Article Contents ::
- 1 Details Descriptions About :: Acute Renal Failure
- 2 Acute renal failure, the sudden interruption of renal function, can be caused by obstruction, poor circulation, or underlying kidney disease. It may be prerenal, intrarenal, or postrenal in origin; it usually passes through three distinct phases: oliguric, diuretic, and recovery.
- 3 Causes for Acute Renal Failure
- 4 Pathophysiology Acute Renal Failure
- 5 Signs and symptoms Acute Renal Failure
- 6 Diagnostic Lab Test results
- 7 Treatment for Acute Renal Failure
- 8 Disclaimer ::
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Details Descriptions About :: Acute Renal Failure
Acute renal failure, the sudden interruption of renal function, can be caused by obstruction, poor circulation, or underlying kidney disease. It may be prerenal, intrarenal, or postrenal in origin; it usually passes through three distinct phases: oliguric, diuretic, and recovery.
Causes for Acute Renal Failure
Causes Prerenal failure Arrhythmias, cardiac tamponade, cardiogenic shock, heart failure, myocardial infarction Burns, trauma, sepsis, tumor Dehydration, hypovolemic shock Diuretic overuse, antihypertensive drugs Hemorrhage, arterial embolism, arterial or venous thrombosis, vasculitis Disseminated intravascular coagulation Eclampsia, malignant hypertension Intrarenal failure Poorly treated prerenal failure Nephrotoxins Obstetric complications Crush injuries Myopathy Transfusion reaction Acute glomerulonephritis, acute interstitial nephritis, acute pyelonephritis, bilateral renal vein thrombosis, malignant nephrosclerosis, papillary necrosis Polyarteritis nodosa Renal myeloma Sickle cell disease Systemic lupus erythematosus Vasculitis Postrenal failure Bladder, ureteral, or urethral obstruction
Pathophysiology Acute Renal Failure
Pathophysiology Prerenal failure is caused by a condition that diminishes blood flow to the kidneys, leading to hypoperfusion. Hypoperfusion leads to hypoxemia, which can rapidly damage the kidney. The tubules are most susceptible to hypoxemia’s effect. The impaired blood flow results in decreased glomerular filtration rate (GFR) and increased tubular reabsorption of sodium and water. Electrolye imbalances and metabolic acidosis result. Intrarenal failure, also called intrinsic or parenchymal renal failure, results from damage to the filtering structures of the kidneys. Nephrotoxicity or inflammation damage the delicate layer under the epithelium (basement membrane) and it becomes irreparibly damaged, leading to chronic renal failure. Use of nephrotoxins also causes acute renal failure because they accumulate in the renal cortex. Postrenal failure is a consequence of bilateral obstruction of urine outflow. The cause may be in the bladder, ureters, or urethra.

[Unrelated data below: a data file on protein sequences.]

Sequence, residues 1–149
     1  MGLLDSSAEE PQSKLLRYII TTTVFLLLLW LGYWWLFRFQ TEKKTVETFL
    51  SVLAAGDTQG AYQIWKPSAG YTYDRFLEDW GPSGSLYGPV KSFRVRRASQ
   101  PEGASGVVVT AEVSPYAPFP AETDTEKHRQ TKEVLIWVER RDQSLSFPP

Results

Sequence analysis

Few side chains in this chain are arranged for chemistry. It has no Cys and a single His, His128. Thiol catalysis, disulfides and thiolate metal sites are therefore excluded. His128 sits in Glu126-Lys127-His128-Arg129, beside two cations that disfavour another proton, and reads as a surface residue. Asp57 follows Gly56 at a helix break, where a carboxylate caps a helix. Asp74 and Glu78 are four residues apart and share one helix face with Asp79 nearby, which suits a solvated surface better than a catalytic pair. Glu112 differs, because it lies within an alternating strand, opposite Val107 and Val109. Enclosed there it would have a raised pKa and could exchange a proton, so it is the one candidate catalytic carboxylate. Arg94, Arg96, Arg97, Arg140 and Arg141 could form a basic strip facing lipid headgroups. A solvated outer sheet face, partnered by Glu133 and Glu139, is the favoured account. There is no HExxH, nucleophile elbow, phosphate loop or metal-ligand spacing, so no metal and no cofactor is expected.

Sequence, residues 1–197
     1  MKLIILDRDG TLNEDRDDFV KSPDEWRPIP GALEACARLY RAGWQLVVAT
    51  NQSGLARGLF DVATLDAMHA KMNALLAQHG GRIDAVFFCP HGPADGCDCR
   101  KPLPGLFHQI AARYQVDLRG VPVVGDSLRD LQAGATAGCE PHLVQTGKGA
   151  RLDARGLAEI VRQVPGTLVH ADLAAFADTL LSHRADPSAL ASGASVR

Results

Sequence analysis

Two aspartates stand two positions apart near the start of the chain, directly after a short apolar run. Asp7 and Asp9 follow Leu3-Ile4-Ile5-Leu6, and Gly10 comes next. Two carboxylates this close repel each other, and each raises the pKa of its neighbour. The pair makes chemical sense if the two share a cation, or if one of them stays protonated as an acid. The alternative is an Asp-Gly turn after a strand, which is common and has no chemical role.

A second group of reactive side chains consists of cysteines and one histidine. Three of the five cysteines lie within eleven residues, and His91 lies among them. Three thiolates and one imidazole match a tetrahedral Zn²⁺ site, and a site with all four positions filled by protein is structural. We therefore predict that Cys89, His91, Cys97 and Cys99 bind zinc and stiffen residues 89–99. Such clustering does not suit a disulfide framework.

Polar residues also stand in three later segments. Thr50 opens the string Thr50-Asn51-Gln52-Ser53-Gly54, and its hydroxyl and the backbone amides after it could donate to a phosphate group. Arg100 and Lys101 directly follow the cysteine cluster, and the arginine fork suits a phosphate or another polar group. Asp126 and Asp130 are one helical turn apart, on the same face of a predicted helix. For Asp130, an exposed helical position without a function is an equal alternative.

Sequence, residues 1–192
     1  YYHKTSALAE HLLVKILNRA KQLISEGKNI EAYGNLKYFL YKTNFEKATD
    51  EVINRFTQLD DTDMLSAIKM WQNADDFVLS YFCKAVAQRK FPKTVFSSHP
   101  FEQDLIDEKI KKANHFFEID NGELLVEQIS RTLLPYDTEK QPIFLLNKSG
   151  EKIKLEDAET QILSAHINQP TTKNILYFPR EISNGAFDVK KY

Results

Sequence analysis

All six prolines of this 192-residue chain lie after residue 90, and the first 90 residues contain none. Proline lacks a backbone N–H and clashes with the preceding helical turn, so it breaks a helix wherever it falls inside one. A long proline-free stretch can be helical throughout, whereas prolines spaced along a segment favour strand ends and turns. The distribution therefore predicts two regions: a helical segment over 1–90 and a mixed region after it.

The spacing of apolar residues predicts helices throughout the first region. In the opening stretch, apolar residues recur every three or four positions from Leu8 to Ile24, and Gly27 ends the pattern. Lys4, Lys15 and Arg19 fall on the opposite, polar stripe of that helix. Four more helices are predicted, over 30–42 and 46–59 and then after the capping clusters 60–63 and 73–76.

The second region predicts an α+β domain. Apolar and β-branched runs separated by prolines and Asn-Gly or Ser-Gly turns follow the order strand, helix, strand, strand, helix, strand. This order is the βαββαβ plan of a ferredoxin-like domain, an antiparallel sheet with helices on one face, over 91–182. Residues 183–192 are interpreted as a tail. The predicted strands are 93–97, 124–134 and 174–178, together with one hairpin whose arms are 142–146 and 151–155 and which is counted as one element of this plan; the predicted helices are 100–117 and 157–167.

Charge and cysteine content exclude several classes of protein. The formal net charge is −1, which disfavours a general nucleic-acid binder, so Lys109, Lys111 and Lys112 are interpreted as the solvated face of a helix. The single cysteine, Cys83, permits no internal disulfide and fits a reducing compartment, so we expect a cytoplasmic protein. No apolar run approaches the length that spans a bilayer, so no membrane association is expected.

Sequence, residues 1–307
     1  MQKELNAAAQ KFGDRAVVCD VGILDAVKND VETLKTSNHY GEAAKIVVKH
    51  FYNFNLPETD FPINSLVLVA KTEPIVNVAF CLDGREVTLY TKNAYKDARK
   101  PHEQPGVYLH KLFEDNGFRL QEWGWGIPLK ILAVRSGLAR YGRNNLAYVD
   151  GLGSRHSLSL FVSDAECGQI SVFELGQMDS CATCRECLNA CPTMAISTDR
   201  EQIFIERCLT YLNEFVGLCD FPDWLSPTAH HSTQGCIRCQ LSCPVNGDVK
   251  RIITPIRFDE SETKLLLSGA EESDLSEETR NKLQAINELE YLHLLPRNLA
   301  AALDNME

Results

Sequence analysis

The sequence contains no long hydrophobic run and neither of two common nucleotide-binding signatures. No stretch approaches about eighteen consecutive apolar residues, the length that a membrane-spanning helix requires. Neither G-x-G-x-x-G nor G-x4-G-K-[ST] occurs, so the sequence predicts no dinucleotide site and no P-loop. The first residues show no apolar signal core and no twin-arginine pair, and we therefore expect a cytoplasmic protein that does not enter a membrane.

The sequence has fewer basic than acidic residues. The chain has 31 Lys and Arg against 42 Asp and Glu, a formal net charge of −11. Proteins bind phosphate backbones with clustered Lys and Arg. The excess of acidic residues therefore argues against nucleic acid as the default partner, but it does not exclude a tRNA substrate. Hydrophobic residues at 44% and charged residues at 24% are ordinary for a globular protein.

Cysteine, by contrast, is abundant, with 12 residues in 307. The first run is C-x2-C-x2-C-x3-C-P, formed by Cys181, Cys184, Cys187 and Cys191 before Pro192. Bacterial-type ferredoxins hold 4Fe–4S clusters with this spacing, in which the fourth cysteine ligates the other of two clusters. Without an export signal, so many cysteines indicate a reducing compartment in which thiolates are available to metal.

Signs and symptoms Acute Renal Failure
Signs and symptoms Oliguria or anuria Tachycardia and hypotension Dry mucous membranes and flat neck veins Lethargy Cool, clammy skin Progressive disease Edema Confusion GI symptoms Crackles Infection Seizures and coma Hematuria, petechiae, ecchymosis
Diagnostic Lab Test results
Diagnostic test results Blood studies show elevated blood urea nitrogen, serum creatinine, and potassium levels; decreased bicarbonate level, hematocrit, and hemoglobin levels; and low blood pH. Urine studies show casts, cellular debris, and decreased specific gravity; in glomerular diseases, proteinuria and urine osmolality close to serum osmolality; urine sodium level less than 20 mEq/L if oliguria results from decreased perfusion and more than 40 mEq/L if the cause is intrarenal. Creatinine clearance test measures GFR and reflects the number of remaining functioning nephrons. Electrocardiogram (ECG) shows tall, peaked T waves; widening QRS complex; and disappearing P waves if hyperkalemia is present. Ultrasonography, plain films of the abdomen, kidney-ureter-bladder radiography, excretory urography, renal scan, retrograde pyelography, computed tomography scans, and nephrotomography are used to investigate the cause of renal failure.
Treatment for Acute Renal Failure
Treatment High-calorie diet low in protein, sodium, and potassium Electrolyte imbalance: I.V. fluids and electrolytes; hemodialysis or peritoneal dialysis if needed; continuous renal replacement therapies Edema: fluid restriction Oliguria: diuretic therapy With mild hyperkalemic symptoms (malaise, anorexia, muscle weakness): sodium polystyrene sulfonate by mouth or enema With severe hyperkalemic symptoms (numbness and tingling and ECG changes): hypertonic glucose, insulin, and sodium bicarbonate I.V.